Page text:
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Previous studies from our laboratory demonstrated that IL-13 induces pulmonary fibrosis, in part, via its ability to induce and activate TGF-β1 and that this activation is partially mediated by matrix metalloproteinase (MMP) 9 (1, 32). Studies were thus undertaken to define the roles of IL-13Rα2 in IL-13-induced collagen deposition and TGF-β1 production and activation. As previously reported, IL-13 caused peribronchial fibrosis and induced and activated TGF-β1 (Fig. 3, A, B, D, and E). These responses were further enhanced in mice with null mutations of IL-13Rα2 which manifested significantly increased collagen deposition, TGF-β1 production and gene expression, MMP-9 expression, and TGF-β1 activation when compared with IL-13 Tg mice with WT IL-13Rα2 loci (Fig. 3, A–E). These studies demonstrate that IL-13Rα2 inhibits IL-13-induced fibrosis, the production of TGF-β1, and the TGF-β1 activator MMP-9 and TGF-β1 activation in the murine lung.

FIGURE 3.

Role of IL-13Rα2 in IL-13-induced lung fibrosis and stimulation of TGF-β1. A, Lung sections were stained with Masson’s trichrome and compared. B and C, Real-time PCR analysis of TGF-β1 and MMP-9 mRNA is shown. D, Levels of total and active TGF-β1 in BAL by ELISA were compared. The noted values represent the mean ± SEM of a minimum of five animals for each group (*, p < 0.05). E, Collagen content of right lung determined using the Sircol collagen assay is shown. Each experiment is representative of three similar evaluations.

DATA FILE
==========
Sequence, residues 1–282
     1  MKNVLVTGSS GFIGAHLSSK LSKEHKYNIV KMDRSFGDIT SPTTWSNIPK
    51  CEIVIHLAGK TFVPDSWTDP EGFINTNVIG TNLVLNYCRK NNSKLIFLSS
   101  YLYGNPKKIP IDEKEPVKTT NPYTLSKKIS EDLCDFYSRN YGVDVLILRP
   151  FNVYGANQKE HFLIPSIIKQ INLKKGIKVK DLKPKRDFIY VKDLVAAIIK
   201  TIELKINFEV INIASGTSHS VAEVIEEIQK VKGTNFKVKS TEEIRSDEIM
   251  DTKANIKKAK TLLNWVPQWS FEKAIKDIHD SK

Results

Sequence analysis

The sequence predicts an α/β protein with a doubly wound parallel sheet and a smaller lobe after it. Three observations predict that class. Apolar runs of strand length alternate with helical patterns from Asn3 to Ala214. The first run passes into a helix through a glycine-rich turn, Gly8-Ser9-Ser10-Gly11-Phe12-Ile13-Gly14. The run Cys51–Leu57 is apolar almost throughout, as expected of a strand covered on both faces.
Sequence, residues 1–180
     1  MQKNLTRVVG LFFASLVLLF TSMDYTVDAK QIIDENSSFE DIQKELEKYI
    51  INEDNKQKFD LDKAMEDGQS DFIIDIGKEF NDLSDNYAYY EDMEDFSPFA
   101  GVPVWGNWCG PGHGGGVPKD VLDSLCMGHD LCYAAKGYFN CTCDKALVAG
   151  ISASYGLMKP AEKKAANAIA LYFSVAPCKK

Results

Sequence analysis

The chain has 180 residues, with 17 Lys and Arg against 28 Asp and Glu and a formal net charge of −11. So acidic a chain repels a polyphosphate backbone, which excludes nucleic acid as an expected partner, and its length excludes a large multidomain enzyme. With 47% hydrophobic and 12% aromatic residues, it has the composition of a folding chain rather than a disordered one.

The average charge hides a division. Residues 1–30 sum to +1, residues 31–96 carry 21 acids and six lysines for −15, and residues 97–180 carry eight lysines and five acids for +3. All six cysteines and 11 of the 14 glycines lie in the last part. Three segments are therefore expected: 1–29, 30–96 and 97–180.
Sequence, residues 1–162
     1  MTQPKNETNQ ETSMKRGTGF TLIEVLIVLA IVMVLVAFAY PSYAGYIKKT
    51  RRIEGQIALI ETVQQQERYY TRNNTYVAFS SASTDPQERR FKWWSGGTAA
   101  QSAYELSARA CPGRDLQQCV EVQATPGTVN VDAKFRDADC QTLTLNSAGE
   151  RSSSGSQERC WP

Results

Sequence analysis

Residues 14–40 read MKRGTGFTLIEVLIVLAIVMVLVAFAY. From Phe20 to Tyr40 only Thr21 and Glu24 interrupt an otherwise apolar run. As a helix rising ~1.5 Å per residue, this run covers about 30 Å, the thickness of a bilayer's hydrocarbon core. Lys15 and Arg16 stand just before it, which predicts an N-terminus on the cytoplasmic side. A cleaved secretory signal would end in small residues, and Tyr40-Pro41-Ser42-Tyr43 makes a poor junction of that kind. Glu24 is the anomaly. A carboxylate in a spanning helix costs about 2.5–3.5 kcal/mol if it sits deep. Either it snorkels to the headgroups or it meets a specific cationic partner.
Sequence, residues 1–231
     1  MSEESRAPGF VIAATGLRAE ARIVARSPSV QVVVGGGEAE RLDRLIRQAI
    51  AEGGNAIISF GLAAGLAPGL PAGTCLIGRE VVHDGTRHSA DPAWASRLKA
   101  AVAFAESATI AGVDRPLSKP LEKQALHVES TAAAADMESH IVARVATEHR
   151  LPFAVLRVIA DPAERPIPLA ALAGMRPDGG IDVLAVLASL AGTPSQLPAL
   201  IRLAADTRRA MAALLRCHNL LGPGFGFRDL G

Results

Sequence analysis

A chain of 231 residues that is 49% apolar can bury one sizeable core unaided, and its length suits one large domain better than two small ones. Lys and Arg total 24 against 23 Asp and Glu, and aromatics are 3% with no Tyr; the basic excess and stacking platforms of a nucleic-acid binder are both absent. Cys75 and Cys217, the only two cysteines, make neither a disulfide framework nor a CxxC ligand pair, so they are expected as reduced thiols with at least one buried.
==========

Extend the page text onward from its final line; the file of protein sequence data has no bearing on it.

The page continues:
FIGURE 3.

Role of IL-13Rα2 in IL-13-induced lung fibrosis and stimulation of TGF-β1. A, Lung sections were stained with Masson’s trichrome and compared. B and C, Real-time PCR analysis of TGF-β1 and MMP-9 mRNA is shown. D, Levels of total and active TGF-β1 in BAL by ELISA were compared. The noted values represent the mean ± SEM of a minimum of five animals for each group (*, p < 0.05). E, Collagen content of right lung determined using the Sircol collagen assay is shown. Each experiment is representative of three similar evaluations.

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We demonstrated previously that Tg IL-13 causes alveolar remodeling characterized by alveolar simplification and enlargement (25). To define the role of IL-13Rα2 in these alterations, we compared the alveoli in IL-13 Tg mice with WT and null IL-13Rα2 loci. Lung size, lung volume, and alveolar size were similar in Tg mice with WT and null IL-13Rα2 loci on normal and Dox water (Fig. 4, A–C, and data not shown). In contrast, Tg IL-13 caused an impressive increase in these parameters in mice that had intact IL-13Rα2 loci (Fig. 4, A–C). In all cases, these effects were inhibited by IL-13Rα2. This was readily appreciated in lung volume, morphometric, and histologic comparisons of Tg+ mice with WT and null IL-13Rα2 loci (Fig. 4, A–C, and data not shown).

FIGURE 4.

Role of IL-13Rα2 in IL-13-induced alterations in pulmonary remodeling. Groups of 1-mo-old mice were placed on Dox water for 4 wk. The lungs were then obtained and lung size (A), lung volume (B), and alveolar cord length (C) were assessed. The noted values in B and C represent the mean ± SEM of a minimum of six animals in each group (*, p < 0.05). Results of real-time PCR analysis of lung mRNA encoding MMP-2 (D) and cathepsin S (E) are shown. These are representatives of three separate experiments with similar results.